3D Moms: Like the movement panel, the presentations during this session addressed an area of concern in children’s uses of digital media — the possibilities and problems of 3D media. 3D is another area in which huge growth has been seen in the past few years — nearly every family movie is released in 3D, manufacturers have begun producing 3D televisions for home use, and consumers are beginning to see gadgets like the Nintendo 3DS hitting shelves (sometimes with ambiguous warnings about allowing children to use the product). Despite all this growth, very little is actually known about how children understand and respond to 3D media, including whether or not 3D should be considered a tool for learning. Further, the effects of 3D on children’s developing eyesight are just beginning to be understood.

This panel pulled together experts from all sides of the 3D issue, including an optometrist and representatives from Texas Instruments and NVidia, companies that have been heavily involved in producing 3D media for games and simulations. Personally, I found it interesting to think about how much 3D media is already available (for example, in the form of PC games) and to learn that TI and other companies are actively investing in bringing 3D resources into K-12 schools. While I have little interest in watching movies in 3D myself (during this session, I learned that my eyes aren’t pointed correctly to fully enjoy 3D anyway), I am very interested in seeing resources for simulation make their ways into educational spaces, and after seeing this panel, I am more hopeful than ever that this is a reality.

The Changing Virtual World: This panel looked at three very different kinds of virtual worlds for kids: one built around curriculum, one built around a product, and one built by its participants. What I found most interesting about this panel is the way each presenter (and, presumably, each company represented) thinks about children as participants, citizens, and active learners. Whereas two of the virtual worlds were very much adult-created and adult-driven worlds to which children were invited to visit and given limited agency, the third, WhyVille, appears to take an opposite approach, addressing children and teens as full citizens with rights and responsibilities — not only for being in the space, but for making the space what it is. Kids do not get opportunities like this nearly enough!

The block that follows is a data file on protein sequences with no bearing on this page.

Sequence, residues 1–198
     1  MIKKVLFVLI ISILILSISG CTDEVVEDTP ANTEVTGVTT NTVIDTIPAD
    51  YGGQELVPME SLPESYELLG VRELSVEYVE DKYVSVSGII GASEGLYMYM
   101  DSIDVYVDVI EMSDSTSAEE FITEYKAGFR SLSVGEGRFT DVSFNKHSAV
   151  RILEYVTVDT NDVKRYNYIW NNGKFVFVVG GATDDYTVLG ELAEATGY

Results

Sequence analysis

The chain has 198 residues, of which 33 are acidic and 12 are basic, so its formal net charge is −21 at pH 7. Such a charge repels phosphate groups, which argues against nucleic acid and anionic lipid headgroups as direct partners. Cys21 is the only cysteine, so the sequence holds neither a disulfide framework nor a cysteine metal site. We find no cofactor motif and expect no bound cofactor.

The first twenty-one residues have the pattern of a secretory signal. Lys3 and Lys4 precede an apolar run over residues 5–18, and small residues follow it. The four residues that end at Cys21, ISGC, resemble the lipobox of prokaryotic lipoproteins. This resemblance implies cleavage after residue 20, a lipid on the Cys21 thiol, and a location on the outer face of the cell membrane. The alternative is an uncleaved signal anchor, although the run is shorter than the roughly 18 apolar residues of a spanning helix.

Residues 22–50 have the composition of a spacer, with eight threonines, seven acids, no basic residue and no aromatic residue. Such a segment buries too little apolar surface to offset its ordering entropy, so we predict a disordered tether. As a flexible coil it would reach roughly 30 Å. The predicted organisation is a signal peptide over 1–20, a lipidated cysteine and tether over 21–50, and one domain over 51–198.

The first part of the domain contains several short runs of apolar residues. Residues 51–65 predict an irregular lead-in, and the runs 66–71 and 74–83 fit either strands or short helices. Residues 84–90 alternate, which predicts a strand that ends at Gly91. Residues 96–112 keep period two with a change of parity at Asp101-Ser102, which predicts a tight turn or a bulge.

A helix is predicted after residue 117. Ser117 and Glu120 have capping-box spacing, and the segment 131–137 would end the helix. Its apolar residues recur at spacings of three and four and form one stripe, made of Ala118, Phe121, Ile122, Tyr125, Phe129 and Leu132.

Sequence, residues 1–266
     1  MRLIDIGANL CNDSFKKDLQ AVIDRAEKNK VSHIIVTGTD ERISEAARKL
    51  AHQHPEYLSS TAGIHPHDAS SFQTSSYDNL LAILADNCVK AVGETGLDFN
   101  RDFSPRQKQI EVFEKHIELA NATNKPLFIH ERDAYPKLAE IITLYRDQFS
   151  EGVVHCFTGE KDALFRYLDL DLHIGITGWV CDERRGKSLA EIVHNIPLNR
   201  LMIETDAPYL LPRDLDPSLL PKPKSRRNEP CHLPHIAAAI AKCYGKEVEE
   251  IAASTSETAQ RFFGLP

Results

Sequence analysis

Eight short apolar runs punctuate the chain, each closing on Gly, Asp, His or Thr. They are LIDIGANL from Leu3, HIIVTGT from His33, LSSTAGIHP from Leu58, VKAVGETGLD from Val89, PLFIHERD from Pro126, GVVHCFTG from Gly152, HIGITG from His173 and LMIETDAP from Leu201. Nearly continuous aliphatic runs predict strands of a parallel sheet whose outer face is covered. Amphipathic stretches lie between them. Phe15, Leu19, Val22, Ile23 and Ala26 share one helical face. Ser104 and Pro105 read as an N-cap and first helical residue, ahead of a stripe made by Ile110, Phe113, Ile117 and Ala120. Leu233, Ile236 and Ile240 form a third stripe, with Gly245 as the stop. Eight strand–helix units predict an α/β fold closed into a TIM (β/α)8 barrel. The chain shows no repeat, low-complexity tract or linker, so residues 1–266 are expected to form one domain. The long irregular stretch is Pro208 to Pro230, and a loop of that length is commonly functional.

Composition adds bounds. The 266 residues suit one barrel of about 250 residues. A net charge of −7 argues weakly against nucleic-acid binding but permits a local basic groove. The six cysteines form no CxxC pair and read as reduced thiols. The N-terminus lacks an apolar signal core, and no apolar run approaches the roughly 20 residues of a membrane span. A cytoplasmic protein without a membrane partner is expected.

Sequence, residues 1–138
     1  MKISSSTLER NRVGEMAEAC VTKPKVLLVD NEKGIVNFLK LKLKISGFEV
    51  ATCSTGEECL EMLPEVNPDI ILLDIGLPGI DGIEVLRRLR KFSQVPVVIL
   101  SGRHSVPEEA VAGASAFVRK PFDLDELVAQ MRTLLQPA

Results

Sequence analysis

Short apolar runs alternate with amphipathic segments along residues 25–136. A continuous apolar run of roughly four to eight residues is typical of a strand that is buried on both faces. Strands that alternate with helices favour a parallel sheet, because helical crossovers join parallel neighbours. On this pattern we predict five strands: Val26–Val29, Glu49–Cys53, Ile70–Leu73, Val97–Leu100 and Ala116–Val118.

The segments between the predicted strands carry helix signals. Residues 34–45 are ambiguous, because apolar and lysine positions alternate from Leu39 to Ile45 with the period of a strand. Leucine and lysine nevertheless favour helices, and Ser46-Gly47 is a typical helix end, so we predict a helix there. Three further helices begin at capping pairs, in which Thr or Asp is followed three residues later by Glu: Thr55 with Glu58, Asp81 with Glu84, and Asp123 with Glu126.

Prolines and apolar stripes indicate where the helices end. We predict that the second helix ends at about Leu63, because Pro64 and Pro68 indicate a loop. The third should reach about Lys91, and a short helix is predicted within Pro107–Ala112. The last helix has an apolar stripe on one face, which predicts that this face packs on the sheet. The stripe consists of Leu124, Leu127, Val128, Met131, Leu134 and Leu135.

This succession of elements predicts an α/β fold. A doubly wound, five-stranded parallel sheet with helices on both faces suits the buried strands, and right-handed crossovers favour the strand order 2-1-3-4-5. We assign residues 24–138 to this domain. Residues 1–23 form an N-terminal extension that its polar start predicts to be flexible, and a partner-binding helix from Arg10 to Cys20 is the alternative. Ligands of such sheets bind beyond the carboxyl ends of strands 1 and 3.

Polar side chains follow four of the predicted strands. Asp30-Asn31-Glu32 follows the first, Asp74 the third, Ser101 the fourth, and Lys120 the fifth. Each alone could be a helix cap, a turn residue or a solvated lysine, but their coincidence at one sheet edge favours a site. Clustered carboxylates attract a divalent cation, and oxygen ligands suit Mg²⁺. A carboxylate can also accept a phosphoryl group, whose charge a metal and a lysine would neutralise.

I think it’s clear how each of these panels spoke to the idea of disruptive technologies — by getting kids out of their seats at school, by bringing 3D resources to classrooms and students who otherwise would not have access to them, or by providing spaces for kids to build, interact, experiment, and feel a real sense of ownership and responsibility. While much of the technology on the floor at CES focused on individual user experiences — customizing one’s iPad or collecting and storing one’s video collection — the vibe at Kids@Play felt different, instead privileging technologies that facilitate social interaction, sharing, and creation. Both the disruptive nature of the technologies featured at Kids@Play and the focus on shared interaction and community are incredibly encouraging, and I look forward to seeing what the coming year has in store for everyone at the summit!